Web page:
The B.P. Super Show presents Hans Christian Andersen

25th November - 6 December 1970

Patrick Wymark as The Emperor, awaiting his new clothes.

Recorded on 10th October 1970, this 75 minute family musical was announced as the most expensive TV show of its type ever broadcast in Australia. Hans Christian Andersen was produced by the Nine Network and coincided with John Fraser and Patrick Wymark's tour of Sleuth.

John Fraser starred as the Danish storyteller, introducing three tales told in radically different ways. The Shepherdess and the Chimney Sweep was a romantic ballet, and The Little Match Girl was told in mime. The third and longest story was The Emperor's New Clothes which was set in a 1970 as someone from Andersen's time might have imagined it.

Patrick Wymark as the Emperor, with Karl Welander as the Satyr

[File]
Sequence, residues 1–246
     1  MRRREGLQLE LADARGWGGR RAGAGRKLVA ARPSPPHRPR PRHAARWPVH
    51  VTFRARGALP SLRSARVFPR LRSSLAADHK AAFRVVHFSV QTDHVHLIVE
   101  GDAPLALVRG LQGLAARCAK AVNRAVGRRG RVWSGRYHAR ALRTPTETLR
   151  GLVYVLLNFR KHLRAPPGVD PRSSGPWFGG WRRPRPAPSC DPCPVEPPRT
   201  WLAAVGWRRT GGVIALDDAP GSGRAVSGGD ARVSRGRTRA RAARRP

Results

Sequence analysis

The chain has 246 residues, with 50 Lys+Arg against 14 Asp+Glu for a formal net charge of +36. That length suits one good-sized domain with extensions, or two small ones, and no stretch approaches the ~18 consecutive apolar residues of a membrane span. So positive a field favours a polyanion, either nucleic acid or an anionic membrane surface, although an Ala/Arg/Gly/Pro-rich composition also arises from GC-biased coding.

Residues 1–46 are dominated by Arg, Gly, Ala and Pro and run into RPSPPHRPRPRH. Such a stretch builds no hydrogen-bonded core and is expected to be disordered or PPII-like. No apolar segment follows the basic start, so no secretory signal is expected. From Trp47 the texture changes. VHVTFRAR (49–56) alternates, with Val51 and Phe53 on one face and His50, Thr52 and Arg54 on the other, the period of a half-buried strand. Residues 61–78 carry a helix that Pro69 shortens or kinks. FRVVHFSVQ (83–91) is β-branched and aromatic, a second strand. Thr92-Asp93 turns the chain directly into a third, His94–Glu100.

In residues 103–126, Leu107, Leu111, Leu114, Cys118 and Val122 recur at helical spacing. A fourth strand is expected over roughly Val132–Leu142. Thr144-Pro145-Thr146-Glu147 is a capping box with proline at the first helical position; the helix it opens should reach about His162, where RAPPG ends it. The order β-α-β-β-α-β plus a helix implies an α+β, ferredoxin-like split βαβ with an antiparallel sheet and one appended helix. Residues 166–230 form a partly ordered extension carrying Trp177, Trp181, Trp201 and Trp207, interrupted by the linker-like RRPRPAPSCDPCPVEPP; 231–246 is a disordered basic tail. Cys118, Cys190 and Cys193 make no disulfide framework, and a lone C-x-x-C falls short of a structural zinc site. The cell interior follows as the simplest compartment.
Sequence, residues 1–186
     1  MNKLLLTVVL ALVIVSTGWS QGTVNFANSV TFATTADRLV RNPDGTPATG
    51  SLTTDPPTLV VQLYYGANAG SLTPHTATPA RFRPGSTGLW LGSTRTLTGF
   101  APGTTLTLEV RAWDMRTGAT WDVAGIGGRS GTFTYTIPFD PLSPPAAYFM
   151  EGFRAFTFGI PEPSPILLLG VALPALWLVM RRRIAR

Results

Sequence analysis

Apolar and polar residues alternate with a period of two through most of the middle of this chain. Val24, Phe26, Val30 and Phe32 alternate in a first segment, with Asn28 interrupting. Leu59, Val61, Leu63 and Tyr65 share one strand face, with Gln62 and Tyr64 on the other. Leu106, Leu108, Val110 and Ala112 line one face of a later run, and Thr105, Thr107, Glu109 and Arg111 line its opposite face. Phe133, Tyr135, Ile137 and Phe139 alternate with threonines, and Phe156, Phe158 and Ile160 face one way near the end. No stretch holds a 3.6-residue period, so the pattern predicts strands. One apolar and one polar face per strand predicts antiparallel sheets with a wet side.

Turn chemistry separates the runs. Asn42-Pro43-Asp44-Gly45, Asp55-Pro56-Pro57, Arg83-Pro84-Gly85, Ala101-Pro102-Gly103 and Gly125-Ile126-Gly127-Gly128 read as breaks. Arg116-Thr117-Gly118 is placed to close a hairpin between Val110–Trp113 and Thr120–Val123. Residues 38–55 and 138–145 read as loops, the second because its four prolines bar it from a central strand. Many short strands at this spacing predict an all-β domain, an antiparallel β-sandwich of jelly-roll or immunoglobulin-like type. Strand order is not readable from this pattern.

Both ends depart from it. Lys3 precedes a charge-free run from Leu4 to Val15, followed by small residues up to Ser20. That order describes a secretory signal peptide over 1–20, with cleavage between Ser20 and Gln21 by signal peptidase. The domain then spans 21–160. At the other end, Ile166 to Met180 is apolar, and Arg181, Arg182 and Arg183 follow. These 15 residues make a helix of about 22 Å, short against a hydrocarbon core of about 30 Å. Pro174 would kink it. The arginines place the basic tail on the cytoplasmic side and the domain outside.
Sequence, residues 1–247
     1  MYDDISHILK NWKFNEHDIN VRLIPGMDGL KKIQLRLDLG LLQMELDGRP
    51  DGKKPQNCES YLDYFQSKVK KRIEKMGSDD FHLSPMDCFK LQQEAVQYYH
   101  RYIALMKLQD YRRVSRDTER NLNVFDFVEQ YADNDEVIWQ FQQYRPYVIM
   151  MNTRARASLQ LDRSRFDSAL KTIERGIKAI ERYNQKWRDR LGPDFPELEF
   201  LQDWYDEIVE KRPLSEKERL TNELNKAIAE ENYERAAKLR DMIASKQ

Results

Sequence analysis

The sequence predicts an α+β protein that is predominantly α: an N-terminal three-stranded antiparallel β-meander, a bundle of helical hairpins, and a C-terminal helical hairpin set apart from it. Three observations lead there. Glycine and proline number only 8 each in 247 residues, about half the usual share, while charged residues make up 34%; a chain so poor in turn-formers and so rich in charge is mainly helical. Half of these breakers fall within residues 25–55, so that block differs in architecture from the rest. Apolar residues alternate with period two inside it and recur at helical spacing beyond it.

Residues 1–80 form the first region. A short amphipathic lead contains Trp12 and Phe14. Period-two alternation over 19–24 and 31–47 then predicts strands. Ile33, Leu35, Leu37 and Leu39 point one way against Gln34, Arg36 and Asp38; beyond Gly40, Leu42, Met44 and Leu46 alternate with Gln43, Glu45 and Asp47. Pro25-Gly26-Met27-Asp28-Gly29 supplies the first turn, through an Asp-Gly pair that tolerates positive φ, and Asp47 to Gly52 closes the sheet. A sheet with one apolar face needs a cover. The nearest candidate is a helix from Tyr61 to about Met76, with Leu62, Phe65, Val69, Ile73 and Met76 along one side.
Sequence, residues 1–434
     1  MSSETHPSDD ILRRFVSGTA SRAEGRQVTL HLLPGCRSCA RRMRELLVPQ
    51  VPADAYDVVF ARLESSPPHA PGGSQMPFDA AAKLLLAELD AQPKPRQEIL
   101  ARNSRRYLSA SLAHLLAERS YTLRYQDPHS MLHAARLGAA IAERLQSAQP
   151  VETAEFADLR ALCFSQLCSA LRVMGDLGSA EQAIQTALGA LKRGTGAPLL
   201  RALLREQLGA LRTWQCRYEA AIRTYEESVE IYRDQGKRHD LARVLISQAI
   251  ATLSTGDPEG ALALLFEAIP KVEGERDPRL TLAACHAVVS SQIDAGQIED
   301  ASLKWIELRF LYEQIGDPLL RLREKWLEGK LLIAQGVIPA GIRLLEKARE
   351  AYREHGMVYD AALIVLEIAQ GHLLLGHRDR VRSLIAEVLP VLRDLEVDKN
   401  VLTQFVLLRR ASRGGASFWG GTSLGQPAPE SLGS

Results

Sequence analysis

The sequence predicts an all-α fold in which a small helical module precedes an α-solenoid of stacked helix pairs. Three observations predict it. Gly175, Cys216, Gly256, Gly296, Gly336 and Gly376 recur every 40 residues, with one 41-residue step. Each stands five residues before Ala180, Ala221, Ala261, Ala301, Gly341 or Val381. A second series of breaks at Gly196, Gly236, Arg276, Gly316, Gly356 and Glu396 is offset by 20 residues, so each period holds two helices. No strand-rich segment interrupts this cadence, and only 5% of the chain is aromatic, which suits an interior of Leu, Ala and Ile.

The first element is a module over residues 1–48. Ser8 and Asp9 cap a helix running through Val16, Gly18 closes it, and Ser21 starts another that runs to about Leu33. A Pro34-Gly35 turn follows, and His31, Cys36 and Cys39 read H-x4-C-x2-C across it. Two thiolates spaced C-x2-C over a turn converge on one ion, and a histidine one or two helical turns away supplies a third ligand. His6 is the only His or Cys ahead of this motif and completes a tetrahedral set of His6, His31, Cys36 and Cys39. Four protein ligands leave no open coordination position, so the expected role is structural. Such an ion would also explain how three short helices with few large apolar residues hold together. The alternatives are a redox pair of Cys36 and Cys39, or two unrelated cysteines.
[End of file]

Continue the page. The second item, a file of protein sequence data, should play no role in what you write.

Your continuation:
Patrick Wymark appeared briefly in The Shepherdess and the Chimney Sweep playing a porcelain figurine of a Mandarin who agrees that a wooden Satyr can marry a china Shepherdess (singer and In Melbourne Tonight regular Patti McGrath). Patrick Wymark also played The Emperor in the final story, The Emperor's New Clothes. American actors Richard Deacon and Morey Amsterdam ( The Dick Van Dyke Show ) played the swindling tailors and reporter Nan Musgrove, who was something of a Power Game fan noted that Wymark was happy and having fun on the long day's filming, acting up for Morey Amsterdam's home movies during the lunch break. "The role of the Emperor suited Wymark perfectly. He was self-important, impatient, petulant, vain: his acting at its best.".

Grant Seiden, former Milky Bar Kid and child star of the adventure series The Rovers also appeared, along with In Melbourne Tonight host Stuart Wagstaffe. It was Wagstaffe who, ten days later had the sad job of announcing Patrick Wymark's death at the end of an In Melbourne Tonight episode that had been intended to promote the show.

Hans Christian Andersen was broadcast as a posthumous tribute to Patrick Wymark at 7pm on Wednesday 25th November in Brisbane, 7:30 pm on Sunday 29 November 1970 in Sydney and Melbourne, 7:35 Tuesday 1 December in Perth and 6:30 pm Sunday 6 December in Adelaide.

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